6.01 Class and Gender, In School and Out

Paul F. Grendler's 1989 overview of education in Renaissance Italy includes an important chapter with the title "Girls and Working-Class Boys in School." (1) This way of categorizing students fits the usage of the early sixteenth century perfectly. Giovanni Antonio Tagliente (ca. 1465?-1528?), for example, on the title page of a 1524 primer described his audience as "those who know nothing "“ young, old, and women." A decade earlier, Gian Alberto Bossi had praised a bequest for a grammar school for poor boys by pointing out that it would make the unlikely possible, "The poor boy will learn as if he were a rich one." (2) These classifications were not condescending, just matter-of-fact, since entire social classes (and the vast majority of women) were only rarely given the opportunity to learn to read and write. Even if they achieved literacy, individuals in these groups were almost entirely excluded from the Latinate sort of education for which most early textbooks were designed. Educational (and publishing) categories were largely determined by gender and by class, though not in a symmetrical way. (3) Women and working class men were not completely barred from education, but they had few opportunities to go far in school. In the sixteenth century, vernacular textbook authors would come to appeal directly to such readers.

Tagliente elaborated on the kinds of non-Latin learners in a preface. First, he addressed his "Most wise readers and dearest listeners," in recognition that some in his audience could read with facility while others could not. Then he claimed that he intended with this book to make it possible for anyone who knew how to read to teach anyone else who could not ("even women" he added: etiam le donne). Moreover, his book would be useful for self-study by "all those who know the beginnings but do not yet read well." (4) Tagliente not only divided the social world of readers vertically among those who read Latin and those who did not, but he also delineated several categories among non-Latin readers, not all of them equivalent to differences in social status. Vernacular-only readers could be female or male (but not professional men). They could be looking to master simple reading skills or to achieve some level of facility in reading. They may or may not also have aspired to be able to write. This last category, furthermore, included some seeking to write in an elementary way, others whose ambitions were to facility, and even men (and more rarely, women) who aspired to write for a living, as scribes. (5)

It is also clear that Tagliente was not composing a textbook in the sense of a book intended for use in a school. The schooling he imagined involved a parent teaching a child or, as he repeatedly added, a literate adult teaching an illiterate friend. The logic of this, of course, was that relatively few non-Latin schools existed. Not surprisingly, therefore, there were few vernacular textbooks before the invention of printing. Such texts as came to exist were often self-help or how-to manuals. This chapter will concern a broad range of non-Latin instructional books. It does not attempt to be comprehensive, merely to give some examples of the variety of publishing for learners outside the elitist, establishmentarian Latin schools.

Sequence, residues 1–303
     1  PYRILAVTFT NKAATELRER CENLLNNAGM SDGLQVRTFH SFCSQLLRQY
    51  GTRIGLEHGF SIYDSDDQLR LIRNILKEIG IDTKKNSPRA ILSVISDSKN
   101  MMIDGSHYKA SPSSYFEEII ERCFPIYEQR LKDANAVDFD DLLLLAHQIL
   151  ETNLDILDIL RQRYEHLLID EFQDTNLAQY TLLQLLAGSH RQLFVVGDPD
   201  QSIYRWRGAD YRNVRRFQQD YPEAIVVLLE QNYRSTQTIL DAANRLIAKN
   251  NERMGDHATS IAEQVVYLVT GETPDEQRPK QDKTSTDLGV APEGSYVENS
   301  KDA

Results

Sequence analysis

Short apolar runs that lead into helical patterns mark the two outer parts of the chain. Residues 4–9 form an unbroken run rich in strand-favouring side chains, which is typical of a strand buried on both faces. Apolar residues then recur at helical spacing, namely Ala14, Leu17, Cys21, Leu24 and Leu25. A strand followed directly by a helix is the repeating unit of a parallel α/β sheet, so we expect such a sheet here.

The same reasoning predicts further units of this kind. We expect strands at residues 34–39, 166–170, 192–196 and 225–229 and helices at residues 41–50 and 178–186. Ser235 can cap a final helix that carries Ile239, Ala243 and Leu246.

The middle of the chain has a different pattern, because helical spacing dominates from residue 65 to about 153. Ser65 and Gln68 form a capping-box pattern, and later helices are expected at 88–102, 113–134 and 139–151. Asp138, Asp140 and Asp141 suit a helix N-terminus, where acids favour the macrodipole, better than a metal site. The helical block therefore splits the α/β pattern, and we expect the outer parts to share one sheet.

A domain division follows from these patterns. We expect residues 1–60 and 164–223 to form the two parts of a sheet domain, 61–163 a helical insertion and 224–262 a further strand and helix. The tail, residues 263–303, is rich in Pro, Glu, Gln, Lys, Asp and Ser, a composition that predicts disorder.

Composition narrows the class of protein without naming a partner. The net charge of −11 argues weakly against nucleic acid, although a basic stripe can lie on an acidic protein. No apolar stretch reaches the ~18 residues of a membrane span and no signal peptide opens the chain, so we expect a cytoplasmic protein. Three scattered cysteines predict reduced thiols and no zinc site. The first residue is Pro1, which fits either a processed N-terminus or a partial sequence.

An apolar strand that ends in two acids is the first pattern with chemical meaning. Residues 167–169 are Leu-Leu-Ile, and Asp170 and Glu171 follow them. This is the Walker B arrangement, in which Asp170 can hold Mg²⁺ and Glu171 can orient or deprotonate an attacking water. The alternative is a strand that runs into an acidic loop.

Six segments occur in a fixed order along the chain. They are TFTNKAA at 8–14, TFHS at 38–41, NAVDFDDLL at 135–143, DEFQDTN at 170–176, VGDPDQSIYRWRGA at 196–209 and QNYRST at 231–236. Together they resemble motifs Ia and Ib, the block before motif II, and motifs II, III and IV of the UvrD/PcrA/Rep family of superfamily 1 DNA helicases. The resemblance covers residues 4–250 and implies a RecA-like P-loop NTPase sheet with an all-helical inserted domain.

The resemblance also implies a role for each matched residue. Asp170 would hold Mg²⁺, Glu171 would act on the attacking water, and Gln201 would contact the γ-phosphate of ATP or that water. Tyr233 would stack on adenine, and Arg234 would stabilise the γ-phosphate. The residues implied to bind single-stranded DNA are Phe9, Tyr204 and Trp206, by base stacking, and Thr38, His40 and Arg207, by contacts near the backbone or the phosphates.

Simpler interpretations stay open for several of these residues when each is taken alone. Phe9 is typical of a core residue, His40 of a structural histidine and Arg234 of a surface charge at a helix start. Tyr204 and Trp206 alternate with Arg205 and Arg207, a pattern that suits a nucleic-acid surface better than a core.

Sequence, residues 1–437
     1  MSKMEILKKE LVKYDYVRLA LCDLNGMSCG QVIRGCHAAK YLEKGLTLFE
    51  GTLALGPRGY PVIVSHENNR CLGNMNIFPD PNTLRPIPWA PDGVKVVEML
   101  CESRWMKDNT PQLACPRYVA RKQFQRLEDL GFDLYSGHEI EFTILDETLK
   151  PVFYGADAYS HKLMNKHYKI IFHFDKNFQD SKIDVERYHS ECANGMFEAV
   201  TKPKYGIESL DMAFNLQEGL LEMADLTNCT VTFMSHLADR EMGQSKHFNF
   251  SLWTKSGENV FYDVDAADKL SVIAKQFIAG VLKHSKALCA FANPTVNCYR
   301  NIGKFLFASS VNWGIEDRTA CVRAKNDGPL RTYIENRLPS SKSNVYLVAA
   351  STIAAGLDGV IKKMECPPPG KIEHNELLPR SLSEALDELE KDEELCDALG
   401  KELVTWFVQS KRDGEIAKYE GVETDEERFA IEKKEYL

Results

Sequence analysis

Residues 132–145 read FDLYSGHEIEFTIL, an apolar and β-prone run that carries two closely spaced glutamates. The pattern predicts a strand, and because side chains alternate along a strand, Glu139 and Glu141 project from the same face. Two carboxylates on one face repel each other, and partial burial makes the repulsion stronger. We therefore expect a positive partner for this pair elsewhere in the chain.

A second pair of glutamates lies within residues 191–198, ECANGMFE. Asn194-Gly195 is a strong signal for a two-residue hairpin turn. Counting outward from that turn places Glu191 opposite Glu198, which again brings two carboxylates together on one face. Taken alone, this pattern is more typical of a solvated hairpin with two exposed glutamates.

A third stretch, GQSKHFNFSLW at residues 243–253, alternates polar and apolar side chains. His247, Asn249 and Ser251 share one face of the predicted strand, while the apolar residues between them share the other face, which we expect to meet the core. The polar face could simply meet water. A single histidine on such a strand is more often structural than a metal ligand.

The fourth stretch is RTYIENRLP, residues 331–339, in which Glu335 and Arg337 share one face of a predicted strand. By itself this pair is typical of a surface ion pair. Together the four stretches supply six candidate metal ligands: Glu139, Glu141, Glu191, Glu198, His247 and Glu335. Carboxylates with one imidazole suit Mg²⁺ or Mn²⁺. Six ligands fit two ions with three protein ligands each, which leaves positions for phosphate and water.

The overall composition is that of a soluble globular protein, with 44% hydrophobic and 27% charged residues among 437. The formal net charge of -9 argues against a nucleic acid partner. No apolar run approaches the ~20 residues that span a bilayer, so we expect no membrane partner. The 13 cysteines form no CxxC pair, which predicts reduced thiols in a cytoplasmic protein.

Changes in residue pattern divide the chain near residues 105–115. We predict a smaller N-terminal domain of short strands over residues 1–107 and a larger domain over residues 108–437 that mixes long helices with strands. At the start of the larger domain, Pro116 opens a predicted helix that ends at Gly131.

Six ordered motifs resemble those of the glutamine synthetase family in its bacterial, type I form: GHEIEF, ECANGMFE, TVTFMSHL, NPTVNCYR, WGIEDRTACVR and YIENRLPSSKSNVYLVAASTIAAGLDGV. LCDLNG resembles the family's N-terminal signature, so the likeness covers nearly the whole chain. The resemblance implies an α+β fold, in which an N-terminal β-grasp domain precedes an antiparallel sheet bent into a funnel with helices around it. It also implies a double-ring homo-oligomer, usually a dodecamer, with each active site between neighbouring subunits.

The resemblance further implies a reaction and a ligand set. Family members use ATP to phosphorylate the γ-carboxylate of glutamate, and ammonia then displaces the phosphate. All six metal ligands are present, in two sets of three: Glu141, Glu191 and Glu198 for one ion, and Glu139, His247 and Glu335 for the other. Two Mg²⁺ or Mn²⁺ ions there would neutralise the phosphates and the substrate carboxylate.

Tagliente's complex understanding of the public for his textbooks was possible only because he stood at the end of a long philological achievement, the humanist invention of a carefully periodized history of Latin and its descendant languages. The humanists had discovered that language was socially determined. They understood that languages were the products of speech communities that could be large or local and that varied from social class to social class. (6) An author, then, might well conceive a specific public for a given book, but once it was offered on the open market, its audience could vary greatly. Once a text was annotated, commented upon, translated, or reformatted it became a new work with a new audience. This understanding stood behind the successful marketing of Latin textbooks and it would become important to the development and marketing of learning tools in the vernaculars.


  • Open Bibliography
  • (1) Grendler 1989, 86-108.
  • (2) Libro maistrevole, Tagliente 1524d, 3: li grandi & li piccoli & ... le Donne che niente sanno; this translation is that of Anne Schutte 1986; later in this chapter I also follow her translations. Bossi's poem is edited and translated by Marzorati et al. 2003, 72: Discit inops quantum si dives.
  • (3) This asymmetry had also been true of the Middle Ages. Dante was explicit about it in the Convivio, fully two centuries before Tagliente: Cestaro 2003, 70-72. See also Farenga 1983, 403-405; Witt 1995, 84-87; Stevenson 2005, 143, 152-156. Cornish 2000, 170-178 explains how the late medieval female audience differed from that of the sixteenth century and the degree to which "vulgarization" aimed at a particular non-Latin elite, not merely a broader audience.
  • (4) Tagliente 1524d.
  • (5) Well nuanced discussions of social class and educational norms are those of Matthews Grieco 1991, 34-38; Lucchi 1992, 124-127; Maccagni 1993, 643-647; Ortalli 1993, 60-70; Trovato 1994, 24-35; Houston 2002, 141-171.
  • (6) Waswo 1999, 410-412.
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